First sick olive trees of “Xylella fastidiosa” in France

New Holland abril

The detection of “Xylella fastidiosa” for the first time in two ornamental olive trees in France next to the Italian border has generated concern among farmers, who ask for caution when applying measures to prevent the spread, in particular the uprooting of trees.

“Before we start, let’s be cautious,” he said Saturday in statements to France 2 channel Michel Dessus, president of the Chamber of Agriculture of the department of the Maritime Alps, where those two cases have been identified in the cities of Menton and Antibes.

Dessus expressed concern about the consequences that this plague can have on the sector. The two sick olive trees are ornamental, have symptoms of being dried and will be uprooted and destroyed in the coming days, as well as other bacteria-sensitive plants will be uprooted in a “fighting perimeter” that has been established around them, according to the Ministry of French Agriculture.

The Ministry said in a statement on Friday that a surveillance perimeter of five kilometers of radius for all plants has also been launched.


Antibes, which lies between Cannes and Nice, and Menton – on the border with Italy – are already in an area defined for the “Xylella fastidiosa” since 2015, when the bacteria were first detected in France, but in other different plants to the olive tree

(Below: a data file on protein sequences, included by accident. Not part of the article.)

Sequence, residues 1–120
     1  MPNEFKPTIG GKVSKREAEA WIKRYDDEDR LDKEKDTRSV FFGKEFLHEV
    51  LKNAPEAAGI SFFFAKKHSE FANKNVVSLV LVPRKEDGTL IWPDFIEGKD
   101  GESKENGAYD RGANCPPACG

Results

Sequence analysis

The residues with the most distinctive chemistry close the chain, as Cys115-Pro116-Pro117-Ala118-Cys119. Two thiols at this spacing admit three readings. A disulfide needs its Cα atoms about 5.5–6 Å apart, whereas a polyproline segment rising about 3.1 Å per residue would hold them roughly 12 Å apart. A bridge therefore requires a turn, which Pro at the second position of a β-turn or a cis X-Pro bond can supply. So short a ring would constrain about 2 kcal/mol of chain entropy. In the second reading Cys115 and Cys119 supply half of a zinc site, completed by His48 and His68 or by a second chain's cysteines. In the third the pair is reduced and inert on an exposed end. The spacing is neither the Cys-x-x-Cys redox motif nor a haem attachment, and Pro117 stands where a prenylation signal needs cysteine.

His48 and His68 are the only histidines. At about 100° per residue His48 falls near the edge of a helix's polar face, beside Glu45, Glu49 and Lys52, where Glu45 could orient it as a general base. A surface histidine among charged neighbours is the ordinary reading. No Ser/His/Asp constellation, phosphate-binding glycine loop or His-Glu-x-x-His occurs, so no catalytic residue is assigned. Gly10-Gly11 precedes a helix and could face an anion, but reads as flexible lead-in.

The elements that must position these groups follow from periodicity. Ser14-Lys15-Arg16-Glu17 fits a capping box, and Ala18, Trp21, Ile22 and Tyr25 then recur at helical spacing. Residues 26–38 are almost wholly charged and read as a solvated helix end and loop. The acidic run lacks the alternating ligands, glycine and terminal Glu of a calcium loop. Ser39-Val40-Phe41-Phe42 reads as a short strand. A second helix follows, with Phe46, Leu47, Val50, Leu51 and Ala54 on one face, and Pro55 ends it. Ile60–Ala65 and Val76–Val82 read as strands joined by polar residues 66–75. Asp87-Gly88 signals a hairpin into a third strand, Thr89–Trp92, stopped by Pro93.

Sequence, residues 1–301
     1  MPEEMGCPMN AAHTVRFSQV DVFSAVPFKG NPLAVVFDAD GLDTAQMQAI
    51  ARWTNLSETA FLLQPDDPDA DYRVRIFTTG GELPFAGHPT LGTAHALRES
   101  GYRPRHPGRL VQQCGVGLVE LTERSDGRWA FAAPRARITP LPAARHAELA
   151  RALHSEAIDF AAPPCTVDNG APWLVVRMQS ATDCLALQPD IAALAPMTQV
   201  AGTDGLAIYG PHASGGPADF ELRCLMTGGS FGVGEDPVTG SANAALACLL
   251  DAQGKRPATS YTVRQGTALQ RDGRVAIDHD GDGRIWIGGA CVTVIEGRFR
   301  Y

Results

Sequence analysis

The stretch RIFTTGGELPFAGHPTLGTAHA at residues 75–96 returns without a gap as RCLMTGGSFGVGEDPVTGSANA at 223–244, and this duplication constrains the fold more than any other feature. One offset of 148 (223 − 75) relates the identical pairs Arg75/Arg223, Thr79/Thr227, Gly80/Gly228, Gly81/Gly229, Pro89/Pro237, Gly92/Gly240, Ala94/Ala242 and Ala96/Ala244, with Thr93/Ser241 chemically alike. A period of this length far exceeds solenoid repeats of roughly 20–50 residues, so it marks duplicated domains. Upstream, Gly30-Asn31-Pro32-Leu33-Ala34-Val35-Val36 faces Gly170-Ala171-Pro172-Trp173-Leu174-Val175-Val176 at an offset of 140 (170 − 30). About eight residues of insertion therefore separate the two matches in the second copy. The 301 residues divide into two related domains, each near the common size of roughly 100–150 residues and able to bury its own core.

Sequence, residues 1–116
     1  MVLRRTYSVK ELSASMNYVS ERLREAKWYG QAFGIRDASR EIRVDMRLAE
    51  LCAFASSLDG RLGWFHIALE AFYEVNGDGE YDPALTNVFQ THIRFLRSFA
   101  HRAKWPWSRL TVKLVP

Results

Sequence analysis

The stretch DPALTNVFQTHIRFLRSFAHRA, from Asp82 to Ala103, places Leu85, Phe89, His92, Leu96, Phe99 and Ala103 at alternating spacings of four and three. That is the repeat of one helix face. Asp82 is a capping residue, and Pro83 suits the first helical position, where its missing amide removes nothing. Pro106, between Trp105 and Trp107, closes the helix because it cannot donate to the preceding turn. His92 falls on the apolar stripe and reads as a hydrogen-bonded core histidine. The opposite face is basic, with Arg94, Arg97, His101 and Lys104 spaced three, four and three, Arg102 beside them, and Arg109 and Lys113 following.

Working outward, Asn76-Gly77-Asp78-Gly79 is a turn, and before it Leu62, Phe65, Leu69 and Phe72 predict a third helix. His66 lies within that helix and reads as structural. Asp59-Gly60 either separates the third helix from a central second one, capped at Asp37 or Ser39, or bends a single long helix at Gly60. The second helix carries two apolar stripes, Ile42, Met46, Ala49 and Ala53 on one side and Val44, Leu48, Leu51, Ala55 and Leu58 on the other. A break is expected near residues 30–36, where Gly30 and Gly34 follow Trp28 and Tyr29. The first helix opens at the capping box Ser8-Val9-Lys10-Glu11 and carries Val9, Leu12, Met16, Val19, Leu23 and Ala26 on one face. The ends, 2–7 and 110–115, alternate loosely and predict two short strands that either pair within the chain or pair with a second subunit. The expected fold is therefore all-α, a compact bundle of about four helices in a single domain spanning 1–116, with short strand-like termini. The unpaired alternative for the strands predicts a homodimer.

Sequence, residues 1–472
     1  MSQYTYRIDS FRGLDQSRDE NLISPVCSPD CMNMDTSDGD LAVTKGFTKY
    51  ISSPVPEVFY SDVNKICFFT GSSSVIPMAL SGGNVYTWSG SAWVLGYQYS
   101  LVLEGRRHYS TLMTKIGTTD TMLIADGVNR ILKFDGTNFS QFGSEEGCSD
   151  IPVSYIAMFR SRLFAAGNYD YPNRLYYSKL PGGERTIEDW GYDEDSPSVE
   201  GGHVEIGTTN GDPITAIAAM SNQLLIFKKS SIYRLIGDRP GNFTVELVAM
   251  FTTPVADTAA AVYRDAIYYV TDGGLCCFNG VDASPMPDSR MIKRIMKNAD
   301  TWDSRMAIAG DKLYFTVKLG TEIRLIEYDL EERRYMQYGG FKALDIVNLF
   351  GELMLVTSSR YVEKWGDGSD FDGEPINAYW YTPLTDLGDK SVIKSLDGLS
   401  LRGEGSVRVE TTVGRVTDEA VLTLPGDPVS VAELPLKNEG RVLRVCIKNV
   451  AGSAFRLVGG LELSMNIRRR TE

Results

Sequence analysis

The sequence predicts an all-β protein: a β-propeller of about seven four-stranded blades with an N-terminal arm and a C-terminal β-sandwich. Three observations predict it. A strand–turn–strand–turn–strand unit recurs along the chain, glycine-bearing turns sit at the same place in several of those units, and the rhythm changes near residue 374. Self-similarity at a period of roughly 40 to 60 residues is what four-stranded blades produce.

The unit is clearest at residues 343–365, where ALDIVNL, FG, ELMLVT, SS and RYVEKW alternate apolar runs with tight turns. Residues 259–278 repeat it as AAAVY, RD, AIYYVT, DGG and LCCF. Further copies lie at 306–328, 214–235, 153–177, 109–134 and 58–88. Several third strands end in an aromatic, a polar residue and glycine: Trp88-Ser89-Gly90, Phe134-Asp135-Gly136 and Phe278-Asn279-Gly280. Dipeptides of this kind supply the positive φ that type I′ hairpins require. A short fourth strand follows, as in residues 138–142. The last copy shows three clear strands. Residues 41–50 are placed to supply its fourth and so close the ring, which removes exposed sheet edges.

According to official data, this bacterium that is potentially deadly for dozens of plant species (such as the olive tree, the vine or the almond tree) is present in Corsica and in 19 municipalities in the departments of Var and the Maritime Alps.

Two positive after 5,100 olive samples

Since 2015, samples of 5,100 olive trees had been taken, without having obtained any positive up to these two specimens.

Menton corresponds to the same bacteria that is present in Italy. Hence the insistence of the Department of Agriculture to ask professionals, but also individuals, not to transport plants on their trips in France or abroad.

The minister, Didier Guillaume, said he takes “this health alert very seriously” and looks forward to the cooperation of owners, individuals or professionals with public services to “strengthen surveillance measures and ensure the destruction of sensitive plants.”